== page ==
Judge Patrick Naugle is a terror enough at 5'11".
Take off into terror.
Strange things are afoot on a flight headed from London to Los Angeles. The passengers don't know it yet, but they're all about to come face to face with evil incarnate. This demonic force has decided to take this aircraft full of terrified passengers hostage, including possessing one hapless woman and whispering creepy chants through the airwaves. As the flight continues onward the lights flicker, the floor splits open, and an ancient force emerges from beyond the grave. Who will survive The Horror at 37,000 Feet?
The Internet—a place where subtlety goes to die—notes on multiple websites that The Horror at 37,000 Feet is considered the single worst film William Shatner has ever made. This is fascinating for two reasons: 1) How many good movies has William Shatner made, and 2) considering his filmography, how bad is this movie when it's considered the worst movie William Shatner has ever made? The mind boggles at the possibilities. After sitting through The Horror at 37,000 Feet, I might be apt to agree with them.
Although you wouldn't guess it from the DVD cover (which cribs liberally from the artwork for the remake of John Carpenter's The Fog), this isn't a theatrical feature but a relatively short made-for-TV movie from 1973. Considering how tame horror movies were in the early 1970s, it will come as no surprise to find out that The Horror at 37,000 Feet is almost void of any actual horrific imagery. Instead the The Horror at 37,000 Feet substitutes ill-conceived creepiness for terror, like a chilly frost appearing and disappearing out of nowhere on the plane windows, or creepy voices coming through the stereo system's headphones. At one point the lights begin to flicker and the elevator won't work. When the tension does begin to ratchet up, the filmmakers decide that's the best time for a woefully placed commercial break.
What it lacks in suspense, the film makes up for in famous TV land faces, although that's not necessarily a plus. Aside of the aforementioned Shatner, fans will get a chance to see Gilligan's Island's Russell Johnson as a flight engineer who gets the 'cold shoulder' in the end; The Rifleman's Chuck Connors as the plane's rock jawed captain; The Beverly Hillbillies's Buddy Epson as a cantankerous multi-millionaire; and 227's Paul Winfield as a creepy doctor. Unfortunately, none of these actors are able to interject much excitement into the proceedings. You know something's gone wrong when the best performance is a by a German Shepard barking at something trying to eat its way through the plane's steel exterior.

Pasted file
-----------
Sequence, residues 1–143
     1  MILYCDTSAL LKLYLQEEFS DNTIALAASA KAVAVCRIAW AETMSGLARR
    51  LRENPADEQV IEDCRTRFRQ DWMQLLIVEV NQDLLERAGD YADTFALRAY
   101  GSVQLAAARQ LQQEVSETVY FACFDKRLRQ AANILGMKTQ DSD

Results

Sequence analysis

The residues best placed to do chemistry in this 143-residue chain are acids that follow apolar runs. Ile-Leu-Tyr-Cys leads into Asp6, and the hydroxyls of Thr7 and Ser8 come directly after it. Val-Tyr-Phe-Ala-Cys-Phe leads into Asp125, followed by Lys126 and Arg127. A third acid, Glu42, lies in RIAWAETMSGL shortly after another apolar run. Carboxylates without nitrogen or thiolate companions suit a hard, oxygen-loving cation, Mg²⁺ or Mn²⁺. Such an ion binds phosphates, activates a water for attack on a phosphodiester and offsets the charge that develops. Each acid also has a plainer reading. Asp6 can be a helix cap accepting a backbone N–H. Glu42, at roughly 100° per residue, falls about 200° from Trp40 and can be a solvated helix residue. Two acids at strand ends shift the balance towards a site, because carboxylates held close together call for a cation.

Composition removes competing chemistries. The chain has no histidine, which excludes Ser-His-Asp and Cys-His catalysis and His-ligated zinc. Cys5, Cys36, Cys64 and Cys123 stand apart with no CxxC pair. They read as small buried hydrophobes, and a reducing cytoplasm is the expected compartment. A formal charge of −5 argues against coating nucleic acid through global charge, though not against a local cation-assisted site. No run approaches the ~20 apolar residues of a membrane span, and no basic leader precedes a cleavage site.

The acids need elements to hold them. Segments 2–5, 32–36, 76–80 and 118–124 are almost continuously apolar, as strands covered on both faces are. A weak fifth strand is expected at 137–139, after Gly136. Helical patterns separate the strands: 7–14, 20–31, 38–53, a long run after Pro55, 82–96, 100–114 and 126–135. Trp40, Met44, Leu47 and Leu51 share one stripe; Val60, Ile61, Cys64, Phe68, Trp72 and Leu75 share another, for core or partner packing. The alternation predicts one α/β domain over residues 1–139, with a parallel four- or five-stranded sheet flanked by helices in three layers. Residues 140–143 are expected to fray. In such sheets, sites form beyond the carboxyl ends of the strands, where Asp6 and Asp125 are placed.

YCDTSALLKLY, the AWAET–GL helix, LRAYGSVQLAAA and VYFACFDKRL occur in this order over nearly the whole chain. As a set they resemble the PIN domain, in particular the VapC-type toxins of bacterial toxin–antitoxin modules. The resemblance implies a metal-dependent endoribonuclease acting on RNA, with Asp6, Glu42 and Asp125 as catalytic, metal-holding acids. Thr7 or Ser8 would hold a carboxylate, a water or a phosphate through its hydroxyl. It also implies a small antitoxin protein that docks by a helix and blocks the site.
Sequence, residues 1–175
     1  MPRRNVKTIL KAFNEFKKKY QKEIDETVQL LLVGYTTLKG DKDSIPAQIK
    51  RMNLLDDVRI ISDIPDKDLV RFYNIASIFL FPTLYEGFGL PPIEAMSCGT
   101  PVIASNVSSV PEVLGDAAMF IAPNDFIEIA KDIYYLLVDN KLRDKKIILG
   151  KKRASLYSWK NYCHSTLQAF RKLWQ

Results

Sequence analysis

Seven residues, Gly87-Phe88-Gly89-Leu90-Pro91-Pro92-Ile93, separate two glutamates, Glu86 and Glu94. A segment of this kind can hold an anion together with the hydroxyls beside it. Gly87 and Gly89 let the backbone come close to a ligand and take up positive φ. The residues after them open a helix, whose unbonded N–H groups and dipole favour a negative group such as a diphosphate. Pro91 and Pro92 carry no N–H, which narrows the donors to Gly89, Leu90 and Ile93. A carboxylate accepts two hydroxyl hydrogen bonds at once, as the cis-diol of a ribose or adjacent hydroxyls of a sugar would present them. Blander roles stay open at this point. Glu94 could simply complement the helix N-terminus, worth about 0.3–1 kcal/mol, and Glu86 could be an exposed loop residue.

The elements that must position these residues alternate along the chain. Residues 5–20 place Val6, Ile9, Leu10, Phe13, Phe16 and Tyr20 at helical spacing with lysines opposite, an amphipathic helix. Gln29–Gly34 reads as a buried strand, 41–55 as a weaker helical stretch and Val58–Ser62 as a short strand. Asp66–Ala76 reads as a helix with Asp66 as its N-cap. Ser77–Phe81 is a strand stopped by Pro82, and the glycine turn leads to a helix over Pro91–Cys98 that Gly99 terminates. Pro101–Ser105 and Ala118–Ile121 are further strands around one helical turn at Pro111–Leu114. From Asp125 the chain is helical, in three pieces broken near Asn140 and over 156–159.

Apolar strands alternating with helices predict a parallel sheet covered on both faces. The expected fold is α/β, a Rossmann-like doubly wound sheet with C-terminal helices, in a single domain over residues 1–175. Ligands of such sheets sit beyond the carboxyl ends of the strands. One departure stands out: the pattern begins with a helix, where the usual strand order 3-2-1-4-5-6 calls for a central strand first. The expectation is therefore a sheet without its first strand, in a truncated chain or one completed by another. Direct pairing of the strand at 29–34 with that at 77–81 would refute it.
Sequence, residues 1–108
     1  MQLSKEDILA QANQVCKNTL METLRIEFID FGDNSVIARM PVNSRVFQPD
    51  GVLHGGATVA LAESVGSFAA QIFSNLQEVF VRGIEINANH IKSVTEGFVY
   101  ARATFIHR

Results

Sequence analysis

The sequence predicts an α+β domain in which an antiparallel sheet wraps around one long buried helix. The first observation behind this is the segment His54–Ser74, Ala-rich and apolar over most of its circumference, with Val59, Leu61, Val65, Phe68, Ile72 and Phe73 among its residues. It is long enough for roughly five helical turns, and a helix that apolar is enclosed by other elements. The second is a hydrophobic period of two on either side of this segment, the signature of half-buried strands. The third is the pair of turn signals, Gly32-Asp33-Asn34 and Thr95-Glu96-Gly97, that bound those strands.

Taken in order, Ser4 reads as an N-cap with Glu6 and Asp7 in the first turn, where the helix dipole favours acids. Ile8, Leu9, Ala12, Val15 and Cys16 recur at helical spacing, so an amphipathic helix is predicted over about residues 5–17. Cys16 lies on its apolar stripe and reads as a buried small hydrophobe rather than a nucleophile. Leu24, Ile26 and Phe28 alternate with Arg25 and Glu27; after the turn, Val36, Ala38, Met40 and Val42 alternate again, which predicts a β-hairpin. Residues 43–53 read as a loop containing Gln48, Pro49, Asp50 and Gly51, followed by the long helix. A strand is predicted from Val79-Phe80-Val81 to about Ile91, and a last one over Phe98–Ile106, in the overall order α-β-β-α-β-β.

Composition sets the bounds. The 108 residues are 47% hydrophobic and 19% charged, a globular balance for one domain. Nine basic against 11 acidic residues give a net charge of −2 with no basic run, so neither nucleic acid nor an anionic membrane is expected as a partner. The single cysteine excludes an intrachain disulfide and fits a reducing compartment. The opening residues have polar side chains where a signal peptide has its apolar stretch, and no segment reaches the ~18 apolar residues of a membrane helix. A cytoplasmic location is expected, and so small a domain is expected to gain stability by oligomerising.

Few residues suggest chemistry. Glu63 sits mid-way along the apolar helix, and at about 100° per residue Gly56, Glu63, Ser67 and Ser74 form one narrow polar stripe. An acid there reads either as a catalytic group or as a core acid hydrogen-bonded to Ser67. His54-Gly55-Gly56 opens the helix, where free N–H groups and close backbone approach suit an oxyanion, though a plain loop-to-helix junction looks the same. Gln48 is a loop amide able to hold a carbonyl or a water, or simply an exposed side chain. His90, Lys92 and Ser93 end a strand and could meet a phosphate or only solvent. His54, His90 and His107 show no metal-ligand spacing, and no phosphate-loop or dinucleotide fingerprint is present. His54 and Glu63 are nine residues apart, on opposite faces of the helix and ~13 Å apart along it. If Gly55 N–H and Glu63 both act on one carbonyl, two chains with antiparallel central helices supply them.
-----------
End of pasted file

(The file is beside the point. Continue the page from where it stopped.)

The Horror at 37,000 Feet is presented in 1.33:1 full frame in standard definition. The transfer looks decent, if wholly uninspired. The colors and black levels are all fine but the image isn't super sharp or detailed. For a movie over forty years old—and from television, no less—I think fans should just be happy that they even got this movie on any kind of digital format. The soundtrack is Dolby Digital 1.0 Mono. There isn't much to say about this transfer—the dialogue, music, and effects are all mostly clear and defect free. Also included on this disc are English subtitles. There are no bonus features.
1973 was the same year director William Friedkin unleashed the horror classic The Exorcist. I wasn't able to confirm actual dates, but I wouldn't be very shocked if, considering the similar thematic material, this was a byproduct of that far superior film's massive success. As a made-for-TV movie in 1973, I'm sure The Horror at 37,000 Feet was perfectly acceptable Friday night fodder. In 2014, it's definitely the worst movie William Shatner has ever made, which is really saying something considering this is the same guy who starred in Kingdom of the Spiders.
Schlocky at any distance.
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